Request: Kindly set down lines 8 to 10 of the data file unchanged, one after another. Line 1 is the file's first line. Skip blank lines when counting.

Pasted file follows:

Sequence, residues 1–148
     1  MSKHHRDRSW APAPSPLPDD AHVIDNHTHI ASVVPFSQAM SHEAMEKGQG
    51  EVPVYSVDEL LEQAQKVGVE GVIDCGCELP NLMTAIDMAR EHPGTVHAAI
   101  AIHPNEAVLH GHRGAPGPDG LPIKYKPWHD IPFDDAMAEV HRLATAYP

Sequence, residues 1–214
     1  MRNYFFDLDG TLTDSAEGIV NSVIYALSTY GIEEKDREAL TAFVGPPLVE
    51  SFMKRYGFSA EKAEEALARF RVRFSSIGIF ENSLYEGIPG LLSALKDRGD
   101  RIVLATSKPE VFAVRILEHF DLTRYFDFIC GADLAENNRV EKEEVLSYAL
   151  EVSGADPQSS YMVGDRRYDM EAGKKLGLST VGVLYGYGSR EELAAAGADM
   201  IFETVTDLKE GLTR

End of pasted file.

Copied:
   101  RIVLATSKPE VFAVRILEHF DLTRYFDFIC GADLAENNRV EKEEVLSYAL
   151  EVSGADPQSS YMVGDRRYDM EAGKKLGLST VGVLYGYGSR EELAAAGADM
   201  IFETVTDLKE GLTR